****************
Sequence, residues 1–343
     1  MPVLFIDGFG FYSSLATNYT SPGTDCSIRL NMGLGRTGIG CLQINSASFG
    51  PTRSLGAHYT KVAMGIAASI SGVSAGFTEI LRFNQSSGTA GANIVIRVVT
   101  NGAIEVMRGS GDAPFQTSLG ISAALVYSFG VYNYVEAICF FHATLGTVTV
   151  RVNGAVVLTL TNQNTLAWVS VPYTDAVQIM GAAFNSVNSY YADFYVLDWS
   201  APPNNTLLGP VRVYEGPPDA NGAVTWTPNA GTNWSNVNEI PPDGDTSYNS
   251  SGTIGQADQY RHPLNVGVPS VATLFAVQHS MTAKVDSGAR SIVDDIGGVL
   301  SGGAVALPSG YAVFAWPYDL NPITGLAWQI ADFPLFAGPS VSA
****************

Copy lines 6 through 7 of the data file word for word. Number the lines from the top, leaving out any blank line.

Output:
   201  APPNNTLLGP VRVYEGPPDA NGAVTWTPNA GTNWSNVNEI PPDGDTSYNS
   251  SGTIGQADQY RHPLNVGVPS VATLFAVQHS MTAKVDSGAR SIVDDIGGVL